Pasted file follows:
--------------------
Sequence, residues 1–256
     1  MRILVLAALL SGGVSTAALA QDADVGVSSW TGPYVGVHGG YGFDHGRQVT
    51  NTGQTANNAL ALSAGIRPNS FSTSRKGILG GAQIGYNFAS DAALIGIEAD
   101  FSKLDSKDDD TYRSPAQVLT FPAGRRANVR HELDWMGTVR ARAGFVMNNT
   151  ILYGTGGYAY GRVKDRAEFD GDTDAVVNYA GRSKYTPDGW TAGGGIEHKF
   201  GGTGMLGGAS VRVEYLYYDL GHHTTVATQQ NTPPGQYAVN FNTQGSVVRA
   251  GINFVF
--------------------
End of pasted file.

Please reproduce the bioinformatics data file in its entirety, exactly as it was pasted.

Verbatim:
Sequence, residues 1–256
     1  MRILVLAALL SGGVSTAALA QDADVGVSSW TGPYVGVHGG YGFDHGRQVT
    51  NTGQTANNAL ALSAGIRPNS FSTSRKGILG GAQIGYNFAS DAALIGIEAD
   101  FSKLDSKDDD TYRSPAQVLT FPAGRRANVR HELDWMGTVR ARAGFVMNNT
   151  ILYGTGGYAY GRVKDRAEFD GDTDAVVNYA GRSKYTPDGW TAGGGIEHKF
   201  GGTGMLGGAS VRVEYLYYDL GHHTTVATQQ NTPPGQYAVN FNTQGSVVRA
   251  GINFVF